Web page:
Jess Calcutt discusses the lack of spending on women’s art and how it may, or may not, change in the future.
With more than $196.6 billion being spent on art at auction between 2008 and May 2019, it seems astonishing that only 2% of that money spent was on works of art by women. And yet, this is not old news.
Why? The Art Historical Canon.
On the National Gallery website the canon is defined as “the conventional timeline of artists who are sometimes considered as ‘Old Masters’, “Old Masters’” primarily being defined as male. However, it then goes on to state that “today’s art history attempts to question these rules of ‘greatness’, considering issues of gender…”, this therefore leads to a puzzling situation. Data collected by the Freelands Foundation, which researches the gender divisions within the art industries, shows that only 32% of artists represented by London’s major commercial galleries are women. So, whilst art institutions in Britain, and indeed globally, are saying that they are attempting to create greater equality within the creative industries, the statistics in fact say otherwise. The significance of this can be put simply, what museums and galleries bring into their collections and have on permanent display matters because their acquisitions create the future canon of art. By significant museums not embracing female artists, it therefore limits the monetary value of the art created by women, as there is not a high enough demand within these large arts institutions to warrant the high spending by buyers on art by women. It seems to be ingrained within the very nature of the art industry that male artists are superior, the artists themselves male and female however are very aware of these discrepancies, with Marina Gertsberg, a scholar on the matter, going so far as to state that it is a small number of elite artists which generate a disproportion amount of profits within the art market.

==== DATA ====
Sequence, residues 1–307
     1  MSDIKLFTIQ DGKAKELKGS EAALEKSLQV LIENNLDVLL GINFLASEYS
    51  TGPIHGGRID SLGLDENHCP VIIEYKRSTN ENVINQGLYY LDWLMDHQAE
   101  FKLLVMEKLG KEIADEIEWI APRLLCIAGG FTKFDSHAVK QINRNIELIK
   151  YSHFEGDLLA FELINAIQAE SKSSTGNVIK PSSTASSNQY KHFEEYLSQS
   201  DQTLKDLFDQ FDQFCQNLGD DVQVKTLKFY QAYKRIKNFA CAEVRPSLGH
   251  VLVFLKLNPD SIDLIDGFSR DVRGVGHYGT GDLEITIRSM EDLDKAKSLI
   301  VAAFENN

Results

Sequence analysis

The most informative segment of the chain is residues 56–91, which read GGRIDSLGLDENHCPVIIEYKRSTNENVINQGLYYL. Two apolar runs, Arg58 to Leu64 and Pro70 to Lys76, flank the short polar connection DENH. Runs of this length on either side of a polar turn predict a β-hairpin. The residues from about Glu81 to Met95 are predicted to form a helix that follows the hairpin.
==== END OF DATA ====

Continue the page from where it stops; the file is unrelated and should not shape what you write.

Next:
“By significant museums not embracing female artists, it therefore limits the monetary value of the art created by women, as there is not a high enough demand…”
The implications of this are clear: until someone, something, or the arts community world-wide, break this circle and are prepared to invest money in what they see as “riskier” investments due to the gender of the artist, rather than in proven successful male artists, no big improvements are going to be seen. Tiny gains will continue to be made but female artists will continue to be seen as inferior to their male counterparts.
The rather morbid implications of the lack of equality within the global art market are enough for you to give up hope of these prejudices against female artists ever disappearing. However, galleries are slowly but surely beginning to remodel their ideals, embracing both past and present female artists, resulting in an attempt to re-write the canon through their promotion of female artists and designers throughout history. An example of this is the current Mary Quant exhibition at the V&A which offers an insight into the creation of iconic 60s fashions which revolutionised how women have dressed for the decades that have followed. The acknowledgement and celebration of this iconic female designer and artist is just one small step for women within the arts, but is significant in the message it represents. It not only educates but also publicises the existence of female artists, a process which is key to the growth of representation within the global art market.
“It not only educates but also publicises the existence of female artists, a process which is key to the growth of representation within the global art market.”